We have names for students like John, Mark, Ana and Sally. We identify them as belonging to a “specialized population.” By this, we might mean English-learning, special education, LGBTQQ, court-involved, homeless, over-aged, under-credited, medically fragile or Title I. God forbid you belong to any of these groups and are also Black or living well below the poverty level, which makes your chances of excelling in school almost non-existent. In that case, we label you “at-risk”—for struggling in school, dropping out or worse. We count the number of “adverse childhood effects” (ACEs) you have and record them in databases.
In other words, we spend lots of time describing the defects of students and very little time diagnosing the systemic issues that make their odds of success even longer.
Many traditional schools struggle to support students with these labels. Even our best and highest-performing schools, including those in the charter sector, are struggling with these very same students. When we disaggregate data, we see tremendous gaps in academic achievement between students with disabilities and their general education peers. We see huge gaps in achievement between Black students and their White peers. We see that students who are homeless, in foster care or involved in the court system master grade-level material at much lower rates than their peers.
For years, education advocates called these “achievement gaps.” Recognizing this term could imply that students are the problem, many have recently embraced the phrase “opportunity gaps.” Proponents in favor of this framing point out that students with particular risk factors have fewer opportunities than their more advantaged peers and this makes it harder for them to master academic content.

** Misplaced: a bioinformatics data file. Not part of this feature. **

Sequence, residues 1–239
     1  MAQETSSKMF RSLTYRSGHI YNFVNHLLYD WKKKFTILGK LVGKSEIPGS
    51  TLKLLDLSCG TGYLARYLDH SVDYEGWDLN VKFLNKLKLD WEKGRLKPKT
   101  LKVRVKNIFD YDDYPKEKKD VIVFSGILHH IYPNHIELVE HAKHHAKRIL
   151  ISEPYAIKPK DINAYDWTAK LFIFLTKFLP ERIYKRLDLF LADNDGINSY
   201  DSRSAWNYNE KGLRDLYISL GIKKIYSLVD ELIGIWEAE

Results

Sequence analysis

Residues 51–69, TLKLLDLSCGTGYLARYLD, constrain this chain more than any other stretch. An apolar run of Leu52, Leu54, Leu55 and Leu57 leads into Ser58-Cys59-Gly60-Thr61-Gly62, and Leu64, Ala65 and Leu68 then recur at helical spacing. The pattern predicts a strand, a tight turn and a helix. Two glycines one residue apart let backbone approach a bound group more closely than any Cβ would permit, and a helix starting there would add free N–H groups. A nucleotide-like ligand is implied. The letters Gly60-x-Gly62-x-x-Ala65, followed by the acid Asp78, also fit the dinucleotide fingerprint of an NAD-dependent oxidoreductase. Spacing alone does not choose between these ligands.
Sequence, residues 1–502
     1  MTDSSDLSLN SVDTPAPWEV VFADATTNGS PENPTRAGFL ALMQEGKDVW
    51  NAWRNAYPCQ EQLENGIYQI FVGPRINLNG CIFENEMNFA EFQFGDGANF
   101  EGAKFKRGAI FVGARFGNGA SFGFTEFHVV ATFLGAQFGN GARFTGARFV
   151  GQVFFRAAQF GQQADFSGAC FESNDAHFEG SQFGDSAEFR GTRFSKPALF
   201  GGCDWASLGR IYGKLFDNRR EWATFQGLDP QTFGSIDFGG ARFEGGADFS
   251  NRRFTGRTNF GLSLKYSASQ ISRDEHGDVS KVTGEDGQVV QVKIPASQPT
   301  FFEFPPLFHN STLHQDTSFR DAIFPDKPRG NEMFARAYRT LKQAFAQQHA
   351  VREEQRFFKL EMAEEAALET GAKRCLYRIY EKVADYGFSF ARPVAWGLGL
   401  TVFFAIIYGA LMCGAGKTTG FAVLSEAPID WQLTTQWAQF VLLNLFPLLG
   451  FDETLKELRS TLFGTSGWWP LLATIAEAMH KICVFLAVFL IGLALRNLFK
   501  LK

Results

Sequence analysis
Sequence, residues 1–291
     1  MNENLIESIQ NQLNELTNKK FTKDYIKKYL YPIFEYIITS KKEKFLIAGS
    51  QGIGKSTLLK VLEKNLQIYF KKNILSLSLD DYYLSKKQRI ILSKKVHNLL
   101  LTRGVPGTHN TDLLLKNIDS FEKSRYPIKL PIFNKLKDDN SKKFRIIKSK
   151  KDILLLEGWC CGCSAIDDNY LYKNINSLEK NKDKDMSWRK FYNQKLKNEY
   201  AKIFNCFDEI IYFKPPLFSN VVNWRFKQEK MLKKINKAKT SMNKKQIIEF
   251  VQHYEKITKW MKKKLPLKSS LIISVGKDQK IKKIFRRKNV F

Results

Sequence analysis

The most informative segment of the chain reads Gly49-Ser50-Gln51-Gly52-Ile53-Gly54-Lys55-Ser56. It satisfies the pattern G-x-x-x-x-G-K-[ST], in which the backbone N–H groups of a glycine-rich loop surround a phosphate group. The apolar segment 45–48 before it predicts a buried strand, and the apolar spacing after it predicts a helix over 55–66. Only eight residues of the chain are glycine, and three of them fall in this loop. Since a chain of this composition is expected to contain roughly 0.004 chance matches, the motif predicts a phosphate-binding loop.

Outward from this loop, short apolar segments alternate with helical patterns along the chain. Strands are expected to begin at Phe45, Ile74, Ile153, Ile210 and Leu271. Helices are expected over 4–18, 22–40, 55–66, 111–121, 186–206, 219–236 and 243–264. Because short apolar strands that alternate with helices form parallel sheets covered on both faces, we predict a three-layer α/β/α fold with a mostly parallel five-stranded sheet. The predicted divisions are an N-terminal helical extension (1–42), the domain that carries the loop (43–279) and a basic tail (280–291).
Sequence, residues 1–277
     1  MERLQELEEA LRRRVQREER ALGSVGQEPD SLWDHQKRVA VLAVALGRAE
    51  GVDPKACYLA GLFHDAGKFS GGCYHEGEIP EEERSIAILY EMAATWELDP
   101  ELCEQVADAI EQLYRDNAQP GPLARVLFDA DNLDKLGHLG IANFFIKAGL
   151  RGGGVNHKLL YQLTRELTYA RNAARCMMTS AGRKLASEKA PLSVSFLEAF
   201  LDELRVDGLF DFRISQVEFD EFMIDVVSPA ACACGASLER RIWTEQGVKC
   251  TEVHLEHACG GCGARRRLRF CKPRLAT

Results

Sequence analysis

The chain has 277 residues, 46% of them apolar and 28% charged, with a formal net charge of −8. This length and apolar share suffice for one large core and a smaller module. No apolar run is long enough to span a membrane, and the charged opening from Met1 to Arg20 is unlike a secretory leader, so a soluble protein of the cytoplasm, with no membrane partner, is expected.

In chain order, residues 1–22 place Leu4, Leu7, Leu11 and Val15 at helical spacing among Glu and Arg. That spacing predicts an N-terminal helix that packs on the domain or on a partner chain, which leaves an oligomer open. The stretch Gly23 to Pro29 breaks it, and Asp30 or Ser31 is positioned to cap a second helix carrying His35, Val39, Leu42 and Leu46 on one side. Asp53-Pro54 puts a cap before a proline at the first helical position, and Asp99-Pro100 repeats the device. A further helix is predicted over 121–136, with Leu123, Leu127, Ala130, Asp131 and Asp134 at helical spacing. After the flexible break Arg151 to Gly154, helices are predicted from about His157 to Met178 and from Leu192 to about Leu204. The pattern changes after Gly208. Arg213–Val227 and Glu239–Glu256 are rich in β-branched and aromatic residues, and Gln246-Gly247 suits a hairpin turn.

Most school systems not only fail to provide students in need of it with extra support, but actually implement policies and practices that make their chance of success even slimmer. Worse, some implicitly or explicitly suggest “we need to sacrifice the 20% to ensure the success of the 80%.” (I’ve heard this, multiple times.)
We need to stop finding labels for the students and start identifying the systems that make it damn near impossible for them to achieve. By using words that better reflect what the real problem is, we will start to shift our attention to the source of the fire instead of complaining constantly about the smoke.